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jadephp templating haml markup library tutorial

Link: http://www.sitepoint.com/introduction-jadephp

SitePoint PHP Blog:
Abstract File Systems with Flysystem
April 07, 2014 @ 11:27:59

The SitePoint PHP blog has a new tutorial today from Lukas White showing you how to work with abstract file systems that aren't local. In this case, the file system is virtual and living on a remote system.

Reading and writing files is an integral aspect of any programming language, but the underlying implementation can vary enormously. For example, the finer details of writing data to the local filesystem compared to uploading over FTP is very different - yet conceptually, it's very similar. In addition to old warhorses like FTP, online storage is increasingly ubiquitous and inexpensive - with scores of services available such as Dropbox, Amazon's S3 and Rackspace's Cloud Files - but these all use subtly different methods for reading and writing. That's where flysystem comes in.

He shows how to install the flysystem library (via Composer) and a few examples showing how to make connections to:

  • an Amazon S3 instance
  • a Dropbox account
  • SFTP
  • even Memcache

Examples of both reading and writing to this virtual system are also included as well as a few other features like handling visibility, listing files/directories and mounting the remote filesystem locally.

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abstract filesystem flysystem library tutorial

Link: http://www.sitepoint.com/abstract-file-systems-flysystem

Gary Hockin:
Less is More
April 07, 2014 @ 09:56:36

Gary Hockin has a new post to his site talking about how he's found that less is more when it comes to what to include in your "composer.json". He works through some of his own opinions on the matter and suggests a bit more thought before just including another library.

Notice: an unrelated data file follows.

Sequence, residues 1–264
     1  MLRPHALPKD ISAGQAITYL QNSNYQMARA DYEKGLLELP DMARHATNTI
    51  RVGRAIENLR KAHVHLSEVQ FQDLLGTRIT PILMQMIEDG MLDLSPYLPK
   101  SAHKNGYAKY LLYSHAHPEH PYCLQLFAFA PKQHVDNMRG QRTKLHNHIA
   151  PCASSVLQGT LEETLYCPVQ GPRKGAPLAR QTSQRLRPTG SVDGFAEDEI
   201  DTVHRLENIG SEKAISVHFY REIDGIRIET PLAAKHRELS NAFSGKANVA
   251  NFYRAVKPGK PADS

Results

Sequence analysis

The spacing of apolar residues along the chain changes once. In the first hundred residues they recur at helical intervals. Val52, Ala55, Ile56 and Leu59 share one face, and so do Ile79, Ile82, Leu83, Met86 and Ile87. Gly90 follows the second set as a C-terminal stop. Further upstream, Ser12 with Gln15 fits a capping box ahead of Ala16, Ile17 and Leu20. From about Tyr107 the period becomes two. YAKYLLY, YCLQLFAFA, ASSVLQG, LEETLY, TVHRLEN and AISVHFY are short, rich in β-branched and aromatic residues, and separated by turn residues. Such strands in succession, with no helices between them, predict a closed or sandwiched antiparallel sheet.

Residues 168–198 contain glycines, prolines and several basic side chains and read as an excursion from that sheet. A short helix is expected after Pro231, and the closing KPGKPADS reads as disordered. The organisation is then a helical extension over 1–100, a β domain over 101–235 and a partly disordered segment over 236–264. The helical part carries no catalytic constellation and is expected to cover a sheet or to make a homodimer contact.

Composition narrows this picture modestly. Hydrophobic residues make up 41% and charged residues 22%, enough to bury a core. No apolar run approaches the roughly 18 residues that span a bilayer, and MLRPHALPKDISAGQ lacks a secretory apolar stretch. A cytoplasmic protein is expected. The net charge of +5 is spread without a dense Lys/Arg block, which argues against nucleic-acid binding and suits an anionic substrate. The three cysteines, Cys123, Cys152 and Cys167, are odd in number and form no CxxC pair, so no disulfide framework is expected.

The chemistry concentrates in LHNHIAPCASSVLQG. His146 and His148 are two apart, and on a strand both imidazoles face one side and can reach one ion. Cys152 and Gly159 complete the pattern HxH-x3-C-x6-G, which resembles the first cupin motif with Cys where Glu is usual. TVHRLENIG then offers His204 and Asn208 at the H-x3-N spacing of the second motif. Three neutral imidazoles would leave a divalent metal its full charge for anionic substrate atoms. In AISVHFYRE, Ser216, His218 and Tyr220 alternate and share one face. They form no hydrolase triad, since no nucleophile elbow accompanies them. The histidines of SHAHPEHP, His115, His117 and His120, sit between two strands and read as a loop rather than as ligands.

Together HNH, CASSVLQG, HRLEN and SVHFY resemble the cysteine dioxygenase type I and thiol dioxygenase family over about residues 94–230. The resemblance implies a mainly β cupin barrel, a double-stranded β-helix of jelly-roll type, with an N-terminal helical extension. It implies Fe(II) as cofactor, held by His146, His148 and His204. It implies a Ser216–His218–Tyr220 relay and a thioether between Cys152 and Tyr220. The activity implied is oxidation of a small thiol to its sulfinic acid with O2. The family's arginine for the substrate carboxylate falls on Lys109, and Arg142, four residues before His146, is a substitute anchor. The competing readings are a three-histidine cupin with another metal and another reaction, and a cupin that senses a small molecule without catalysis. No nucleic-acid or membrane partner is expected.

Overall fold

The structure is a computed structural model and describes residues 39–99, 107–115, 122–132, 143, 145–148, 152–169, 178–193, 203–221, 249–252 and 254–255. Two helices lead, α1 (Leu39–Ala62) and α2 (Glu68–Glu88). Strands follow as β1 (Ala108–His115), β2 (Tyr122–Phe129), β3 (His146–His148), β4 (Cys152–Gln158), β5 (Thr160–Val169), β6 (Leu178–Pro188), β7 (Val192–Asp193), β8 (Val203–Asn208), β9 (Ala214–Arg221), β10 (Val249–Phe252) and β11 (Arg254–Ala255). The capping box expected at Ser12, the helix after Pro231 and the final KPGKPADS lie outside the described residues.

I have absolutely no doubt this post will be largely disagreed upon by many in the PHP community, but I've had a terrible day and I'm hoping that the process of just getting this off my chest will be therapeutic in some way. [...] So, today I sat down and started writing the tests for our new lightweight SDK that offsets much of the work needed in the delivery of the adverts to workers via a Beanstalk queue. It should have been so easy. Things went well for the early part until I realised that I wanted to be able to extract and serialise our Device object to put it into the queue, and then hydrate it back into a Device object inside the worker

He assumed that since he'd used Zend Framework 2 a good bit and there were no (declared) dependencies, he could directly use an individual component. Unfortunately, there was a dependency (ZendFilterChain), requiring another package to be added via Composer and pulled down. He points out that Composer has made this almost too easy and developers maybe aren't as thoughtful about the libraries they pull in because of it.